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Irritable Bowel Syndrome: A Better Understanding
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Irritable Bowel Syndrome: A Better Understanding

Marked by pain, bloating, gas, and changes in bowel movements, Irritable Bowel Syndrome, or IBS, is a condition that affects around 5 to 10 percent of the global population. Although it can affect anyone, it is most commonly seen in people under 50 years of age. Irritable Bowel Syndrome cannot be cured; however, the symptoms can be managed with medication and healthy lifestyle modifications. This calls for proper awareness and knowledge about the condition. In this blog, we have elaborated on Irritable Bowel Syndrome with the help of experts specialising in Gastroenterology in Gurugram to help you get a better understanding of this medical condition and how it can be managed.

What is IBS?

IBS, or Irritable Bowel Syndrome, is a chronic gastrointestinal disorder marked by an abnormality in the flow of signals between the gut and the brain. This gives rise to a variety of abdominal symptoms that negatively impact the quality of patient’s life. As per the best Gastroenterologists in Gurugram. it is strictly a functional disorder, and there is no underlying structural abnormality or malformation that may be held accountable for it. Surprisingly, females are twice as likely to develop the problem as compared to males.

Irritable Bowel Syndrome is further categorised into four sub-types, primarily based on the symptoms. These include:

•    IBS-D, which is marked by abdominal cramps and diarrhoea,
•    IBS-C, which is marked by abdominal cramps and constipation,
•    IBS-Mixed, which is marked by abdominal cramps with alternate onsets of diarrhoea and constipation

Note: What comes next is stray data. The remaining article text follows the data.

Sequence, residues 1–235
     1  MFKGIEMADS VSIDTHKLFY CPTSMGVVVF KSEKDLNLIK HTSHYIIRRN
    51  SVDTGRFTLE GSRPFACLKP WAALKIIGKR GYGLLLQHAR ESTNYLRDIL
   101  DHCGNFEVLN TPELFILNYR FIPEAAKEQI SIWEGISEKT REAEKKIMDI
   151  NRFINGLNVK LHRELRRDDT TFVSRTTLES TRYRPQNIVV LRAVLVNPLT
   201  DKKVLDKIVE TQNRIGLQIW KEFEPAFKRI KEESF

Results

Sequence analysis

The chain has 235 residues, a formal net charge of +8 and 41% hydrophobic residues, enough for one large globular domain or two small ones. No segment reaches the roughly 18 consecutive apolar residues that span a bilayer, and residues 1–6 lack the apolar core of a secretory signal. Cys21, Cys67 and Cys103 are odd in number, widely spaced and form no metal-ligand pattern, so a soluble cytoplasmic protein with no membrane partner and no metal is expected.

•    IBS-U, which is marked by various different symptoms

Signs that you need to watch out for:

Symptoms of Irritable Bowel Syndrome are often overlooked or taken for granted. This is primarily because most of them are non-specific and overlap with a variety of other gastrointestinal conditions. The classic symptoms of Irritable Bowel Syndrome include abdominal cramps and changes in bowel habits (loose stools, constipation, or both). These are accompanied by other symptoms, like:
•    Bloating
•    Abdominal distension
•    Burning sensation
•    Flatulence or abdominal gas
•    Mucus in the stool
•    Feelings of incomplete evacuation while passing stools

Apart from the classic symptoms, people with Irritable Bowel Syndrome may also develop secondary symptoms like anxiety, depression, sleep disturbances, and chronic fatigue syndrome.

What causes Irritable Bowel Syndrome?

The underlying cause of Irritable Bowel Syndrome is not known; however, recent studies point towards a link between some of the associated symptoms and hypersensitivity of the nerves lining the gastrointestinal wall. In certain cases, this may also be caused by a lack of flow between the signals flowing from the gut to the brain and vice versa. Other factors that may be held accountable include:

•    Abnormal contraction of the intestinal muscles
•    Hypersensitivity to pain
•    Inflammation in the intestine owing to an infection or underlying medical condition
•    Problems related to gut bacteria
•    Sensitivity to certain drinks and foods
•    Psychological triggers like stress and anxiety

How can you manage Irritable Bowel Syndrome?

Lack of proper awareness about the condition and feeling reluctant to discuss the problem often prevent people from seeking the right care for a problem like IBS that can be easily managed. As the condition cannot be cured, the focus is laid on alleviating the symptoms, which can be done in the following ways:

•    Use of prescribed medications, which include laxatives for constipation, anti-diarrheal medications for loose stools, anticholinergic medications for bowel spasms, and tricyclic antidepressants for anxiety and depression.
•    Healthy lifestyle changes with more focus on physical activity, adequate sleep, and effective stress management
•    Healthy dietary modifications involving identification of foods that trigger your IBS and eradicating them from your diet. Retire to a low-FODMAP diet by striking off foods that contain fermentable carbohydrates from your diet.
•    Use supplements if you are not getting enough fibre from your diet. This is important for promoting gut health and strength.

To know more about Irritable Bowel Syndrome and to explore the available treatment options, consult the experts from the best Gastroenterology Hospital in Gurugram, today.

Dr. Amit Mittal, Head Of the Department and Senior Consultant


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